But on the things conservatives really want him to be politically incorrect about -- challenging the tyranny of liberal assumptions which so easily dictate liberal conclusions (as they're designed to do) -- he's reliably politically correct himself. Planned Parenthood is an important, fantastic women's health resource. I'm softening, I'm changing my position on H1-Bs -- we need these great people doing the jobs American's won't do (or can't do). Forcing schools and businesses to allow men with penises in the women's rooms has caused so, so few problems, in all honesty, if I can be frank.

One might question: on exactly which questions, apart from immigration (partly walked back, and probably walked back even further in interviews with the New York Times) and defending himself personally, is Trump actually politically incorrect?

Simply being an insult artist doesn't make you politically incorrect.

Obama's an insult artist too.

A never-ending Vicious Circle

Ace of Spades writes about the phenomena of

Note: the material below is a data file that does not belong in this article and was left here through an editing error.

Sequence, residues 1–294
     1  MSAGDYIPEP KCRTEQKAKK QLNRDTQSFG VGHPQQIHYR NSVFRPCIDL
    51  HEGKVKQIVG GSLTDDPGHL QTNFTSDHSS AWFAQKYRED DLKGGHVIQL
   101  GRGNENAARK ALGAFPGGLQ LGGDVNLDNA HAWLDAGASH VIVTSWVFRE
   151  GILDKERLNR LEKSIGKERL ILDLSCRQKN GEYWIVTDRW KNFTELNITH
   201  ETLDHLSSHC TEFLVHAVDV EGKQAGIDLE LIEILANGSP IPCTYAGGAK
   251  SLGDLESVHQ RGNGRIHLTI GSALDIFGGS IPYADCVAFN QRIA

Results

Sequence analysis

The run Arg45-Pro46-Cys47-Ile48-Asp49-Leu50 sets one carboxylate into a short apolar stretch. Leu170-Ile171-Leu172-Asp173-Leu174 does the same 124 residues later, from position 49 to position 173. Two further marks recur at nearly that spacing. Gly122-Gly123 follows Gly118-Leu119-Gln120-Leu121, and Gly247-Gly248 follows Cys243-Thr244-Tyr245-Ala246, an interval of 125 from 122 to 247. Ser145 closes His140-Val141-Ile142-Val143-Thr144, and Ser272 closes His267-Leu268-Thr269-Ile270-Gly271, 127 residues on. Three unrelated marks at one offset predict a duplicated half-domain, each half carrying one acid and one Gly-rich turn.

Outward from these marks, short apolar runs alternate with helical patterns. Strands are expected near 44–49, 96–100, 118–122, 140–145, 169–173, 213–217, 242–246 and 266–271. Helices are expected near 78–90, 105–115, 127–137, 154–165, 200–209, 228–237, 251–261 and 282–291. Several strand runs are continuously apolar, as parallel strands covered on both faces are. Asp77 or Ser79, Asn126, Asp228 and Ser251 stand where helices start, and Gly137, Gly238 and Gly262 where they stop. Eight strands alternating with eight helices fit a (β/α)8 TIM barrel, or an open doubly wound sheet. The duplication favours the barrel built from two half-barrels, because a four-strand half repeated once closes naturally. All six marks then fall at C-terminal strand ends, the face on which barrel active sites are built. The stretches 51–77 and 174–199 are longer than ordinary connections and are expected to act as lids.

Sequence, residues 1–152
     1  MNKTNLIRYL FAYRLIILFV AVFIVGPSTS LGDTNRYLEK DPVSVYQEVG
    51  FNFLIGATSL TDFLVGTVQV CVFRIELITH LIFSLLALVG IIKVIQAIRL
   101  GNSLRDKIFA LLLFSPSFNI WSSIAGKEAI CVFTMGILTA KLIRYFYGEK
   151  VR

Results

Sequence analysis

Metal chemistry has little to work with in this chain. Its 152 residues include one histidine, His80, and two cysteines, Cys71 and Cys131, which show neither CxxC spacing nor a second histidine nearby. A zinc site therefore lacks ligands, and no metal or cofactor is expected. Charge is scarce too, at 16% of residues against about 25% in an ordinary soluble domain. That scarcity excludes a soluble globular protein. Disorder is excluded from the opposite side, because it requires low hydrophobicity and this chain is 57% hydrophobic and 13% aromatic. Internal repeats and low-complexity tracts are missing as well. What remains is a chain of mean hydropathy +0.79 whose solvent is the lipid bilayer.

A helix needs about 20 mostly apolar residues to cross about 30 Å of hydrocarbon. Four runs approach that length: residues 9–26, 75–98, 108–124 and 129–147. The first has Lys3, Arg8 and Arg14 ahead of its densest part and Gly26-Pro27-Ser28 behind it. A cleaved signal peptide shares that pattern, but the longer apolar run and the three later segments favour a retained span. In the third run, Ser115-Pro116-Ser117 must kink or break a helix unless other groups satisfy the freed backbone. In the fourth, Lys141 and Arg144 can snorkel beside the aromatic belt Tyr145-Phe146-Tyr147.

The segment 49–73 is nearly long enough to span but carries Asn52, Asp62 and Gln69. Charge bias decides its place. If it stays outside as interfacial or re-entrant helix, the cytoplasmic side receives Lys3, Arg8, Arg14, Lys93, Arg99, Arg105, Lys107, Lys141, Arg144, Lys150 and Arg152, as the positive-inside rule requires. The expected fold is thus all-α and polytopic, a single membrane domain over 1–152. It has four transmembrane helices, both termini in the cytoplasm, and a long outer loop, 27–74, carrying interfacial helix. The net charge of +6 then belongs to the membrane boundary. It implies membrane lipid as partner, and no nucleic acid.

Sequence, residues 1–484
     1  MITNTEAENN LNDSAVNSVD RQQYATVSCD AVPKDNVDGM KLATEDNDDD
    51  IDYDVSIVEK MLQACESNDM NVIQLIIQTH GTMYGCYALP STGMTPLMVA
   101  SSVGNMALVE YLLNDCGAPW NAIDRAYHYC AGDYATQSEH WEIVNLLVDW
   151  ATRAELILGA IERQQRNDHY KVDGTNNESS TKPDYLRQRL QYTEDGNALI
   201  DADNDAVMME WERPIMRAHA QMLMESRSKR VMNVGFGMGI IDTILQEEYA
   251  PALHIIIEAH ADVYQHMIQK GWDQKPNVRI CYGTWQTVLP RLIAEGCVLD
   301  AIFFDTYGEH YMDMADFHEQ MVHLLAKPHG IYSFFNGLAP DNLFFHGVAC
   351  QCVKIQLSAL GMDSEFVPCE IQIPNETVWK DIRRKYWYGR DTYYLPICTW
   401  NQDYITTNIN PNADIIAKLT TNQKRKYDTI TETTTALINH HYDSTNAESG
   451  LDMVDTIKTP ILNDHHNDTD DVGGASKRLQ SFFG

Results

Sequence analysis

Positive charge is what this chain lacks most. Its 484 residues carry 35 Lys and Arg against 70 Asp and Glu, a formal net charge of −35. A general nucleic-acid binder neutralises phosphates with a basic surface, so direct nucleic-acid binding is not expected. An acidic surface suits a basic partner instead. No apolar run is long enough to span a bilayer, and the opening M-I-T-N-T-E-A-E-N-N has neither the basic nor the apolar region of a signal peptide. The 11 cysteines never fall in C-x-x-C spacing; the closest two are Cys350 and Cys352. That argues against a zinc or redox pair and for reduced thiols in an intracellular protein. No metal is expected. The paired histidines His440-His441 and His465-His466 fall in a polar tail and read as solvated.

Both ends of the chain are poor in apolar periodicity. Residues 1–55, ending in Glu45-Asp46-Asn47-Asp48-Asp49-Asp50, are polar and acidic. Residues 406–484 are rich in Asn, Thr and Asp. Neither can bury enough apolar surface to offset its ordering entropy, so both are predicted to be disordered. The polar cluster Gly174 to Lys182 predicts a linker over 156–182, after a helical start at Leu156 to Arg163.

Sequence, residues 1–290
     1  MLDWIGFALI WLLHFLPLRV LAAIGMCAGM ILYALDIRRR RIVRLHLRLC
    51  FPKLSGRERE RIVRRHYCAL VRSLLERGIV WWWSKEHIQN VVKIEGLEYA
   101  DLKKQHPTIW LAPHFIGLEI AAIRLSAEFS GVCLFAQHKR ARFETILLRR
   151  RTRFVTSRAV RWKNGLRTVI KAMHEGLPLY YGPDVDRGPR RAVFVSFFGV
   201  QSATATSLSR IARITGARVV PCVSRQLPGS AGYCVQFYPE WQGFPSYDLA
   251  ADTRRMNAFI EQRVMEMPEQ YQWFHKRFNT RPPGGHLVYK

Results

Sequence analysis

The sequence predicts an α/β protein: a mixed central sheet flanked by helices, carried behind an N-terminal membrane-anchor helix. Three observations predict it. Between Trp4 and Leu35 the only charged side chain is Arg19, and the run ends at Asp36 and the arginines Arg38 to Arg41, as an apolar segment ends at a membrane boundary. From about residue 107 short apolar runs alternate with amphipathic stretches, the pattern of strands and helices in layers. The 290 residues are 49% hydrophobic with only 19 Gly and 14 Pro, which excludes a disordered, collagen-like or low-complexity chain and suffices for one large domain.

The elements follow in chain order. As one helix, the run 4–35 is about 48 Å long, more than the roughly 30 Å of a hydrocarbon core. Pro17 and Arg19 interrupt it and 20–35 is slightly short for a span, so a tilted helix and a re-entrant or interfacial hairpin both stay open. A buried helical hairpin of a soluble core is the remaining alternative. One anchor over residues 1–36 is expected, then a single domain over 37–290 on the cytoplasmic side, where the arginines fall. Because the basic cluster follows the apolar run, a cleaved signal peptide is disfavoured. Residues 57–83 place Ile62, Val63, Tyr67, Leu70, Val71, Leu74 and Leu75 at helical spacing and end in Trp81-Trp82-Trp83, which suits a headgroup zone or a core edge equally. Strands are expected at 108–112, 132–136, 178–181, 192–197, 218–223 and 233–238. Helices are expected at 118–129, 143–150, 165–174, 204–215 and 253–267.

people take pleasure in punishing people for wronging others.

That's the third-party part, or the "altruistic" part -- apes punish other apes for wronging themselves, but apes don't care if you harm another ape.

Humans -- possibly uniquely -- do.

This is an altruistic impulse and it underlies our sense of fairness in society generally.

But there is a dark side to it. Because humans are hard-wired to really, really enjoy punishing others for their alleged sins against other people -- we derive actual pleasure from it; it's that feeling of angry righteous fury political partisans feel -- and sometimes we go deliberately looking for slights to others, which could be entirely imaginary, to righteously punish.

...people are willing to use more vicious punishments when defending the alleged wrongs inflicted on others than they are to avenge wrongs perpetrated on themselves.

This may be because people are naturally more tough than they credit others with being.

And so if you say "You're an asshole" to someone, he just shrugs it off -- who cares?